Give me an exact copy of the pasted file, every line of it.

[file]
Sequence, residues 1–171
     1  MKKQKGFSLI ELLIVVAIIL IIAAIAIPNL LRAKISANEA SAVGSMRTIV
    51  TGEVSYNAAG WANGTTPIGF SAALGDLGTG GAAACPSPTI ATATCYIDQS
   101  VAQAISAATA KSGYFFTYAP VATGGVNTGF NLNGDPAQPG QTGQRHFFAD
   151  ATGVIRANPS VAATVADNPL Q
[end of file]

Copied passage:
Sequence, residues 1–171
     1  MKKQKGFSLI ELLIVVAIIL IIAAIAIPNL LRAKISANEA SAVGSMRTIV
    51  TGEVSYNAAG WANGTTPIGF SAALGDLGTG GAAACPSPTI ATATCYIDQS
   101  VAQAISAATA KSGYFFTYAP VATGGVNTGF NLNGDPAQPG QTGQRHFFAD
   151  ATGVIRANPS VAATVADNPL Q